Planted Biotope with high pH? - The Planted Tank Forum
 
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post #1 of 12 (permalink) Old 04-19-2010, 06:26 PM Thread Starter
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Planted Biotope with high pH?

I have a 20g long that is just too good to waste as a fry tank. I'm thinking of setting up as a planted biotope, but I would like to keep it hooked up to my central filtration for my african tanks which has a pH of 8.0 - 8.2.


I keep cichlids from lake malawi which doesn't have many plants, so I can't really use the fish I have for a biotope.

Any ideas?

I know some areas in southeast asia have a high pH, but I think it also needs to be brackish, which would be a problem.
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post #2 of 12 (permalink) Old 04-19-2010, 06:29 PM
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Unless you are breeding, you shouldn't have to worry about pH as long as there aren't any big 'swings.' So anything would work!
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post #3 of 12 (permalink) Old 04-19-2010, 06:48 PM
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Quote:
anything would work
really? I want to hear more.
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post #4 of 12 (permalink) Old 04-19-2010, 06:56 PM
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Originally Posted by Larry Grenier View Post
really? I want to hear more.
By saying, "anything would work," I ment that all planted aquaria (that I know of) would work. Brackish and saltwater setups would obviously not work with a centeral system. I have heard of GH and pH effecting plants, though I haven't heard anything to back it up.
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post #5 of 12 (permalink) Old 04-19-2010, 08:13 PM Thread Starter
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Even if anything would work, since I am doind a biotope, I'd rather have the parameters be close to the biotope that I am replicating. Especially for the fish I may be including in the setup.

Right now the only planted freshwater biotope I can find with a high pH would be south african swamp. Which would be cool, except that it requires soft to medium water and my water is hard.
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post #6 of 12 (permalink) Old 04-19-2010, 08:51 PM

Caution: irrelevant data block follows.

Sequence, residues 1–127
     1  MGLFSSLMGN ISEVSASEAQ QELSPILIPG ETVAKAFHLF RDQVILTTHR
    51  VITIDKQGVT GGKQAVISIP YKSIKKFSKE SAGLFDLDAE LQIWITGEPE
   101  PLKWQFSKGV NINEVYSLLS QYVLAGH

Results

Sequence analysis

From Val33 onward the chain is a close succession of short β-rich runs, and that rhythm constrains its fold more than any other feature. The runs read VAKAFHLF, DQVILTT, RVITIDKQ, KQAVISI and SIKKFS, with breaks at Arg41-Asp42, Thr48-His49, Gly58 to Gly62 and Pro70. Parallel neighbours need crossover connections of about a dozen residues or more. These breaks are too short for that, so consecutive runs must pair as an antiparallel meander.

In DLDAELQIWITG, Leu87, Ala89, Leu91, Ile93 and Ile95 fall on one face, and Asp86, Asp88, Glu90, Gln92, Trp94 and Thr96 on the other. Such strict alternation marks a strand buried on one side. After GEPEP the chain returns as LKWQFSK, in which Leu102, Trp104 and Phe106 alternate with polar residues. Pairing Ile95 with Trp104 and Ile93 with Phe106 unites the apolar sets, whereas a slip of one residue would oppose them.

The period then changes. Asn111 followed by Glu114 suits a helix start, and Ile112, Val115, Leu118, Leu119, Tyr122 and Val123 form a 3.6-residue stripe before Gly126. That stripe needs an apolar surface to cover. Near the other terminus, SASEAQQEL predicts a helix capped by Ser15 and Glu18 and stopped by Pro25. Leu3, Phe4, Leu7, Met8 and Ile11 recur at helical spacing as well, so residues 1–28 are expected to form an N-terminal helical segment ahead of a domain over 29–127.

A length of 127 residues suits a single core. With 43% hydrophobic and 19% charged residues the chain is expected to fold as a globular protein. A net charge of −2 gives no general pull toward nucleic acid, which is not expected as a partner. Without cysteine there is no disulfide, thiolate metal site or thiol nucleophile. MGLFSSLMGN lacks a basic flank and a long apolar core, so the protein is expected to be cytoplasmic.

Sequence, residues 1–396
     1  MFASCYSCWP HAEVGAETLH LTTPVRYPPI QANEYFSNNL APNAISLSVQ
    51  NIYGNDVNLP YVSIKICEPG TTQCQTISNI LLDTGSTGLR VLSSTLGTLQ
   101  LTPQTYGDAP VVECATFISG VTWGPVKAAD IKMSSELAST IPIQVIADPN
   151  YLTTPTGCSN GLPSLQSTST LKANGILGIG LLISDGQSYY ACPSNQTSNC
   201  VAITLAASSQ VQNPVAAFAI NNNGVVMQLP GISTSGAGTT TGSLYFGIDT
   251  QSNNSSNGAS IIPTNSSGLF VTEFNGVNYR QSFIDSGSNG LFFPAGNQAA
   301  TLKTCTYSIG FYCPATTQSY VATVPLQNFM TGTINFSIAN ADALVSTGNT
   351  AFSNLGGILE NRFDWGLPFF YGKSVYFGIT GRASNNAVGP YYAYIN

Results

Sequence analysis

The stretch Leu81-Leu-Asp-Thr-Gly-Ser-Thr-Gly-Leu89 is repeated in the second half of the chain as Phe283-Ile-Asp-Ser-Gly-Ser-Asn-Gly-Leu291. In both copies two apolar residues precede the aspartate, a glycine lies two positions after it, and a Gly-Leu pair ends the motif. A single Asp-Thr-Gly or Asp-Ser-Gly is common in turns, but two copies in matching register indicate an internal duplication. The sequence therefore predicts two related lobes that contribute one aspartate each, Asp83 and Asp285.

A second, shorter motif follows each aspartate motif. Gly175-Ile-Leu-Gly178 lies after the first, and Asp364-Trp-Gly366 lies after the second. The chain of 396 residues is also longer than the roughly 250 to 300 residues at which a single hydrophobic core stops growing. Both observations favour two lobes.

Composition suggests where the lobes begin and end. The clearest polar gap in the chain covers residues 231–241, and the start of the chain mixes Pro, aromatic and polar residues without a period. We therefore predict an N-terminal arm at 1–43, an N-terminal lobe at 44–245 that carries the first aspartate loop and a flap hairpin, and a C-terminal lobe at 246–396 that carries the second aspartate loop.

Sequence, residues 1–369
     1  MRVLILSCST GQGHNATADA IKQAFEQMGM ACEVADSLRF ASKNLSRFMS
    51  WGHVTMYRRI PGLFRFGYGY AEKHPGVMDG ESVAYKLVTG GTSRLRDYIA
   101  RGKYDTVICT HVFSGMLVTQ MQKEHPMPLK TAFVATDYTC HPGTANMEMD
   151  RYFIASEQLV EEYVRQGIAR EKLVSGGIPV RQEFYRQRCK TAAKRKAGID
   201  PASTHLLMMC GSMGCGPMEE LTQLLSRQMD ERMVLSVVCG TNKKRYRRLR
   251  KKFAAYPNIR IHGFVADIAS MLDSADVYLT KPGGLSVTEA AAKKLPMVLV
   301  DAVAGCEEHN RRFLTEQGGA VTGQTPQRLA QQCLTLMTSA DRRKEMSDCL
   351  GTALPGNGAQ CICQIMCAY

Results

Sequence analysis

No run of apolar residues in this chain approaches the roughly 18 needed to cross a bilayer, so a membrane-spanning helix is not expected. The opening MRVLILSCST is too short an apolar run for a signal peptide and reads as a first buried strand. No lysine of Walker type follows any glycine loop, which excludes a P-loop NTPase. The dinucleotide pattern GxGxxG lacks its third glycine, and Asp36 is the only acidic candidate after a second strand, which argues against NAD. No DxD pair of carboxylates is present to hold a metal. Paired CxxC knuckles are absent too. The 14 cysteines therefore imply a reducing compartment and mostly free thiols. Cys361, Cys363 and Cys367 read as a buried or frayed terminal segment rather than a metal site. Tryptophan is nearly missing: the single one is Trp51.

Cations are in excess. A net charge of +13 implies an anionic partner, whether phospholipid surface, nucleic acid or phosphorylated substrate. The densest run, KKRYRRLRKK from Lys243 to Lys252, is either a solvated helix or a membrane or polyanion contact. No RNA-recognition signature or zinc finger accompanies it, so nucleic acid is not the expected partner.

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What about Inle Lake?

BIOTOPE AFICIONADO

56g Guyana Backwater
40g Borneo Stream
20g Crypt brook
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post #7 of 12 (permalink) Old 04-19-2010, 08:53 PM
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You could do a Mexico livebearer biotope with mollies and goodeids. If you can do it as a riparium there are quite a few good plants to choose from.

Here is a shot of the 120-gallon tank that I put together for some goodeids.



I have always used straight tap in this tank and the plants just thrive with pH 8.2ish.
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post #8 of 12 (permalink) Old 04-20-2010, 08:20 AM Thread Starter
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I'm not familiar with inle lake. Could you link me to some sources?

hydrophyte, I'm not a fan of mollies, although the plants in your setup are gorgeous. I'm not very familiar with goodeids either, but after a quick search they seem like something I could live with. Although I do prefer egg laying fish over livebearers, mostly because of the interesting behaviors they have. Are there any other fish or invertebrates that could be included that you know of? Is there a source for plants from this biotope that you could link me to?
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post #9 of 12 (permalink) Old 04-20-2010, 03:43 PM
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Quote:
Originally Posted by JakeJ View Post